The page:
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CAMBRIDGE — A new type of wearable robotic technology could one day give ordinary people the power to finish a marathon in less than two hours.

But before achieving that feat, a team at Harvard and the University of Nebraska Omaha needed to perfect its latest version of an exosuit to make it easier for a person wearing it to walk and run efficiently.

Previous exosuits could only identify a single gait — walking or running — but not both, said researchers. They lacked the ability to smoothly transition between strolling and sprinting without breaking stride.

“This is a milestone for the field,” said Jinsoo Kim, the co-first-author of the study published Thursday in Science, an academic journal. “It highlights the potential of the system for everyday activities, not just one activity in the lab.”

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The new exosuit is intended to help soldiers and first-responders who are working under strenuous situations, said Kim, an engineering graduate student at Harvard. The technology could potentially alleviate fatigue incurred while traveling distances or carrying heavy loads, researchers predict.

“When you wear it, you forget you’re wearing it,” said Ignacio Galiana, one of the robotics engineers involved in the study. He likened the device to power-steering systems that drivers often take for granted.

The new exosuit is made of a lightweight fabric and includes a thigh wrap and waist belt, which weaves together an intricate web of cables. The electric motor and a controller unit, some of the heaviest parts of the roughly 5-kilogram device, is positioned on a person’s back and emits a subtle whirring noise.

Sensors on the user’s thighs and abdomen are programmed to detect motion, Kim said. Using a pulley system that works with a user’s internal muscles, the battery-equipped suit delivers support to the hip joint, all in a nearly instantaneous calculation.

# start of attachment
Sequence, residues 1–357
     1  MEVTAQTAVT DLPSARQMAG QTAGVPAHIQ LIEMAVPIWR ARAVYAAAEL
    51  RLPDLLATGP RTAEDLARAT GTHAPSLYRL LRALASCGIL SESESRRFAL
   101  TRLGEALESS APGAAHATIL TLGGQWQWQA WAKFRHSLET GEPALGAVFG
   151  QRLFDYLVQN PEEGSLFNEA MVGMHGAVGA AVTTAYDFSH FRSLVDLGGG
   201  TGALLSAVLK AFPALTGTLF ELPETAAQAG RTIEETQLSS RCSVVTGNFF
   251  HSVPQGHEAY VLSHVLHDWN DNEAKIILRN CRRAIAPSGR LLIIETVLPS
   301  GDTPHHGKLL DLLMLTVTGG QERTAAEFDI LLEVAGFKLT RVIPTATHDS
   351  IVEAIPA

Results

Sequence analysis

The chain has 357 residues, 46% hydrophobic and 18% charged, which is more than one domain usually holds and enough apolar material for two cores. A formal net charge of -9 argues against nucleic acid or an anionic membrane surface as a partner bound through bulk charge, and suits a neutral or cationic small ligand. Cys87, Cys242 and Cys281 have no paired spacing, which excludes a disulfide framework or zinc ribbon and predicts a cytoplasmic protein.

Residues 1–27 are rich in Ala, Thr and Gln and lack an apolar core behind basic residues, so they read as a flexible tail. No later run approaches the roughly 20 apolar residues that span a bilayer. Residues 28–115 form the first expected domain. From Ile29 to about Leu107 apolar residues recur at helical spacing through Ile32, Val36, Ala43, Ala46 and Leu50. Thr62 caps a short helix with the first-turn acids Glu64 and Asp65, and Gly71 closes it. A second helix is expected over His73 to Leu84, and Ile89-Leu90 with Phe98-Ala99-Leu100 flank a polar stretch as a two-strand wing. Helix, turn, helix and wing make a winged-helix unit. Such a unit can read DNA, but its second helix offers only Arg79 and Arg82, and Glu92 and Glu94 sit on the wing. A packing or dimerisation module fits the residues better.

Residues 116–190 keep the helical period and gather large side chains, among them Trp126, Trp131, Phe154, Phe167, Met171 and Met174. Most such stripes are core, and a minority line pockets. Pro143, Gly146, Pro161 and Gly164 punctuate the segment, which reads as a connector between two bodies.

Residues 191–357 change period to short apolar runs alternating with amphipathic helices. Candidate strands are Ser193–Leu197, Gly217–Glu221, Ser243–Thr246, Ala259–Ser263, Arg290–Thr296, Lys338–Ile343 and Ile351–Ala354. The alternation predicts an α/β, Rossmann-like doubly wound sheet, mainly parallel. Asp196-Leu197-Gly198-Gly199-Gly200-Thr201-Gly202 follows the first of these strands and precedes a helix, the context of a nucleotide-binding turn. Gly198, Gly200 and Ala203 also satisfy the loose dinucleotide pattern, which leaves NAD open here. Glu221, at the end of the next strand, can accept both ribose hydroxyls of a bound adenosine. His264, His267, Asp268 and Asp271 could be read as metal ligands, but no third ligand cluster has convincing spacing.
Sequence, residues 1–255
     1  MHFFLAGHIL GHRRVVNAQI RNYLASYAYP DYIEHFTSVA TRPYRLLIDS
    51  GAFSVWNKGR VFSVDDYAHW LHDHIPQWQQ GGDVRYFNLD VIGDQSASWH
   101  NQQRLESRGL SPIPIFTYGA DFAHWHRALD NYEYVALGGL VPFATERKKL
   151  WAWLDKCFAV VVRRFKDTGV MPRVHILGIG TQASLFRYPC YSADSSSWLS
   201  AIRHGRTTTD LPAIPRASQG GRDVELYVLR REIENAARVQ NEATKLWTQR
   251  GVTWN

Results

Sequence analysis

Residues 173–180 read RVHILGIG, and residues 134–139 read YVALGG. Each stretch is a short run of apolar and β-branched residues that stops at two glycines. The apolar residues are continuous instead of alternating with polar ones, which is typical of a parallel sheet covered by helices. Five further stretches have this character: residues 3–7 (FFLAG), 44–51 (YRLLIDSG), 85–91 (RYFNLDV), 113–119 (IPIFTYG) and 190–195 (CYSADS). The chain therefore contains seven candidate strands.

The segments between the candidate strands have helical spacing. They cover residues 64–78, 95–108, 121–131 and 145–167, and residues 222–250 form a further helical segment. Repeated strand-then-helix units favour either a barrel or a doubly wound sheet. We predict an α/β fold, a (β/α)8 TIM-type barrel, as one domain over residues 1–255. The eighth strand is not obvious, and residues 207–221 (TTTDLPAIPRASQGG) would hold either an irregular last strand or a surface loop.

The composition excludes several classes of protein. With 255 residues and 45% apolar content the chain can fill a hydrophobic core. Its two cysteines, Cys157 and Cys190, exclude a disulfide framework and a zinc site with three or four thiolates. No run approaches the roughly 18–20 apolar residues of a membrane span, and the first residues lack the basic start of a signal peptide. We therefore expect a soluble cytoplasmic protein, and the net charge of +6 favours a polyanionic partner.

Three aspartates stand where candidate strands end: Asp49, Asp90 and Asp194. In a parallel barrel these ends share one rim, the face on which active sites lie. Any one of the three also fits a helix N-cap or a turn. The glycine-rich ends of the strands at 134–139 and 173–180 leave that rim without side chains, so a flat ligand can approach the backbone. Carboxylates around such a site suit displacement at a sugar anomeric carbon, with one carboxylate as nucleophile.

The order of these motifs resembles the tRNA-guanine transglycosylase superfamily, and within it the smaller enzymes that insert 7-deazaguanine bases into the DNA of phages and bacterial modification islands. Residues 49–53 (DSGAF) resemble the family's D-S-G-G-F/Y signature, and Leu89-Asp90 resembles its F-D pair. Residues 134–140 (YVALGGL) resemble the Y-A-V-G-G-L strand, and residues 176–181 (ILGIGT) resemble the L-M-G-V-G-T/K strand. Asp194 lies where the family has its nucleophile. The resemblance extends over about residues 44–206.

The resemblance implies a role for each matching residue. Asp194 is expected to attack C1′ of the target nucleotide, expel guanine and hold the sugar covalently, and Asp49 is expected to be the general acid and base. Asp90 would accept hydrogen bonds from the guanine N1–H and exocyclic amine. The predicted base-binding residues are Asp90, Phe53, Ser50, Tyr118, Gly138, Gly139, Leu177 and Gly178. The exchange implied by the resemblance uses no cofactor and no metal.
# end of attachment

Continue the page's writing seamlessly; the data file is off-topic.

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Exosuits work by reducing a person’s energy consumption.

Through testing on a treadmill, the team discovered that participants who wore the device decreased their metabolic rate by about 9 percent while walking and 4 percent while running. That potentially translates into performance gains for the user, said Philippe Malcolm, a co-corresponding author on the study.

“In theory, that should allow a person to carry extra loads at the same speed, or arrive more rested at the scene,” said Malcolm, an assistant professor at the University of Nebraska Omaha.

An exosuit, says Jinsoo Kim (above), could help people climb stairs.
An exosuit, says Jinsoo Kim (above), could help people climb stairs.Matthew J. Lee/Globe Staff/Globe Staff

Researchers in the lab recently developed an exosuit to help stroke patients regain mobility in physical therapy, working in collaboration with ReWalk Robotics, a medical device company, which builds and sells the devices.

Other applications are in progress for people suffering from Parkinson’s disease and multiple sclerosis, Kim said.

Conor Walsh, a Harvard professor who was the study’s principal investigator, is also developing exosuits to improve safety in industrial settings, such as an automotive factory, where workers might strain their backs lifting heavy machinery.

The study was funded by two federal agencies, the Defense Advanced Research Projects Agency and the National Defense Foundation, Walsh said.

It was awarded to Harvard’s Wyss Institute for Biologically Inspired Engineering and the John A. Paulson School of Engineering and Applied Sciences, as well as the University of Nebraska Omaha.

Researchers said they ultimately want to improve exosuits’ designs to make them user-friendly and widely available to the public.

To achieve the exoskeleton’s dual mobility, the team reconciled biomechanical differences between walking and running.

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When people walk, their legs move back and forth like an inverted pendulum, Malcolm said. Running creates a motion similar to a spring bouncing up and down.

For the exosuit to work, it must accurately determine whether the person is running or walking before applying the right force at the right time to the user’s hip joint.

“If you get it wrong, you can really make it hard for a person to walk,” Walsh said.

The wrong identification could result in a user exerting approximately 30 percent more energy.

The exosuit’s versatility remains a work in progress. Researchers said they hope to decrease its weight by 2 kilograms, an energy- and cost-saving measure.

Another goal entails customizing the device for people’s unique gaits, they said.

All individuals have a peculiar style of propelling their bodies forward, Kim said. If the suit exerts a more precise force, users could minimize their metabolic energy consumption, he said.

And Kim envisions equipping the exosuit with other capabilities, including being able to help people climb stairs or jump around.

“Maybe, this exosuit needs to carry out all these different activities,” he mused.


Alison Kuznitz can be reached at alison.kuznitz@globe.com.